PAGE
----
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Journal of Clinical Gastroenterology:
Clinical Research

Increased Numbers of Women, Older Individuals, and Blacks Receive Health Care for Dyspepsia in the United States

Rabeneck, Linda M.D., M.P.H.; Menke, Terri Ph.D.

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Goals: The objectives of this research were to use a national probability sample of the U.S. population to determine the demographic characteristics of individuals who obtained care for dyspepsia, to compare these demographic characteristics with those of the U.S. population, and to describe the amount of health care that these individuals received.

Study: We analyzed data from the 1987 National Medical Expenditure Survey, which is based on a national probability sample of the U.S. adult population.

Results: Approximately 3.6 million individuals, or 2% of U.S. adults, obtained care for dyspepsia. Compared with the U.S. population, a predominance of women, individuals 65 years or older, and African Americans obtained care for dyspepsia. Expenditures for health care totaled $2.5 billion.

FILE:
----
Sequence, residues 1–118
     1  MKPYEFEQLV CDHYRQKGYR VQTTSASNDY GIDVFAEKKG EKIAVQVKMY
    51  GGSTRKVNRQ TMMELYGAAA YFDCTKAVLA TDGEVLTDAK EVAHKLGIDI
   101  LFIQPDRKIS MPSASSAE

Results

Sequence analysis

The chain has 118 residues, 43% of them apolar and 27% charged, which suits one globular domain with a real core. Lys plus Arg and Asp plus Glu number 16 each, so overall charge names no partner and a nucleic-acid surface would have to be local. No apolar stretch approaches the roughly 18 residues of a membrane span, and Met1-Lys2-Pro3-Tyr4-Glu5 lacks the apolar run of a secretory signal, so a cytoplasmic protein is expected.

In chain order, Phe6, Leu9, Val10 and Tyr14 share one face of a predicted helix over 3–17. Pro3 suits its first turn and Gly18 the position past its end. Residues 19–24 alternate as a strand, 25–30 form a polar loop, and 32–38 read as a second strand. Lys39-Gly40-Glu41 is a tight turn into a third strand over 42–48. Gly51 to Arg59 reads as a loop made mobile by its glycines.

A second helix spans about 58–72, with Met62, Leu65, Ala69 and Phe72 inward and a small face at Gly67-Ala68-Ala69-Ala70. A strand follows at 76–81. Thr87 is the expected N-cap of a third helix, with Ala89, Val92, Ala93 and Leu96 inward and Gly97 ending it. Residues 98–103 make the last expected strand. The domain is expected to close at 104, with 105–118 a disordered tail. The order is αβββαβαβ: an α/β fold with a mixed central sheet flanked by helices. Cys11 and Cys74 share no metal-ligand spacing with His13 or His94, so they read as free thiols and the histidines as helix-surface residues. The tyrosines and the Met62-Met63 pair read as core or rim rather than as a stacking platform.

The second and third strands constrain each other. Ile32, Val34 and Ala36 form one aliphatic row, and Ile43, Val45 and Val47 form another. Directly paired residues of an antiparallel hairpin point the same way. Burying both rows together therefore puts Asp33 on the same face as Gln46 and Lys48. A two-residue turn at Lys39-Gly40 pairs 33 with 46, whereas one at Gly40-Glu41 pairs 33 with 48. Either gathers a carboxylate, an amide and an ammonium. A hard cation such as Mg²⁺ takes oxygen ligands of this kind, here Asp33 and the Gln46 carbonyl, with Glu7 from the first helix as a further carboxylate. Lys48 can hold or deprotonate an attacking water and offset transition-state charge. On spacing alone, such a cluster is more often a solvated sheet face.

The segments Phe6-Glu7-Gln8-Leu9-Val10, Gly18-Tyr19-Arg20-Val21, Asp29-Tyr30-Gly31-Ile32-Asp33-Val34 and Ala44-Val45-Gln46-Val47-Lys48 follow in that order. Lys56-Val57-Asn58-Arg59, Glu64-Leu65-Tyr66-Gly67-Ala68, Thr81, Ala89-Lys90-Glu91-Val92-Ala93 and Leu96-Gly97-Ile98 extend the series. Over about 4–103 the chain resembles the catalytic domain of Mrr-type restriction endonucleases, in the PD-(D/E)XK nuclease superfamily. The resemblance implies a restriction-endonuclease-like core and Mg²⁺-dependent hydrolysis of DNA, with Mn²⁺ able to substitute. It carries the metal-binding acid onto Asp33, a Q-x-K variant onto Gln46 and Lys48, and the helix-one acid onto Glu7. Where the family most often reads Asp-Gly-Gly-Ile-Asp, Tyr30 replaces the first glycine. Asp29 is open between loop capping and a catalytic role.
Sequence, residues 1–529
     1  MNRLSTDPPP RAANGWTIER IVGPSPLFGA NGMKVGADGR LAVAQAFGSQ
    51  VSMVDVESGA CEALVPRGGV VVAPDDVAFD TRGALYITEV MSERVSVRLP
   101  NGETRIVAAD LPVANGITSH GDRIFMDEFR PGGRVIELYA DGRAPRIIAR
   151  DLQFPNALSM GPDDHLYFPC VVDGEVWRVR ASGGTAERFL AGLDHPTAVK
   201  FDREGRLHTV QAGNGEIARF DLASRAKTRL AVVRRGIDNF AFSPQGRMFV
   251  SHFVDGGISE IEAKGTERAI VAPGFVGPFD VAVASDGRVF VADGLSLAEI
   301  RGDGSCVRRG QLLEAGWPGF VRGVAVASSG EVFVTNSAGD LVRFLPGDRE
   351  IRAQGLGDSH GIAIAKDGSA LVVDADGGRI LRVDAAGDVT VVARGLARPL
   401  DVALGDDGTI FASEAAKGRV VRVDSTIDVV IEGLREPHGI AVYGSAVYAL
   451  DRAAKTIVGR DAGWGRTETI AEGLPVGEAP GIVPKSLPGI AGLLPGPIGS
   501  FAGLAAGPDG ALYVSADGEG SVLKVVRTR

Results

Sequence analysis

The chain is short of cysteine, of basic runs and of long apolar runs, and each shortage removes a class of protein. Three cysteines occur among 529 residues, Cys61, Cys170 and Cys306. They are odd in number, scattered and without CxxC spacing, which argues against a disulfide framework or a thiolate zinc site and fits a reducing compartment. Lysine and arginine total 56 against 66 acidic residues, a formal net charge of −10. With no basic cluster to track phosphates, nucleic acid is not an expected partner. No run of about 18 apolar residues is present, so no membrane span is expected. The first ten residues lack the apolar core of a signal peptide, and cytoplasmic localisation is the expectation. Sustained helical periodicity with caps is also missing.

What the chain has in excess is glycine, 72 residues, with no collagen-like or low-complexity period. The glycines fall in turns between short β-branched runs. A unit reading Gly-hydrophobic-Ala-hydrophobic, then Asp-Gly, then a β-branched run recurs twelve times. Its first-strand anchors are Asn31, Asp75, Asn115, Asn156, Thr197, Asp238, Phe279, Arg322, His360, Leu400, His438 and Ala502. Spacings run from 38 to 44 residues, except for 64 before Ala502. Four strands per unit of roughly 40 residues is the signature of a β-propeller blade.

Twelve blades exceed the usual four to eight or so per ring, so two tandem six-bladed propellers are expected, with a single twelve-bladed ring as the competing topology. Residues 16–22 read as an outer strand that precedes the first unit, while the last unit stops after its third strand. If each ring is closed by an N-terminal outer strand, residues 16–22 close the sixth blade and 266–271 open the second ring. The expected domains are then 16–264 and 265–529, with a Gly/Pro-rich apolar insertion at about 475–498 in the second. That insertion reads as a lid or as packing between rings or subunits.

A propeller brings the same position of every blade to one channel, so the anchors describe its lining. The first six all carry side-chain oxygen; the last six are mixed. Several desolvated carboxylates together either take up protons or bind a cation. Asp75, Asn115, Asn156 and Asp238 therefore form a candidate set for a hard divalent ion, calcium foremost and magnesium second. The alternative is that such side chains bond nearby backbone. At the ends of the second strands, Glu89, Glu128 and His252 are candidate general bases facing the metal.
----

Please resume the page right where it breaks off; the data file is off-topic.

Conclusions: Given the major impact of dyspepsia on U.S. health care resources, a critical issue facing investigators is to identify the most cost-effective approach to managing these patients.

© 2001 Lippincott Williams & Wilkins, Inc.


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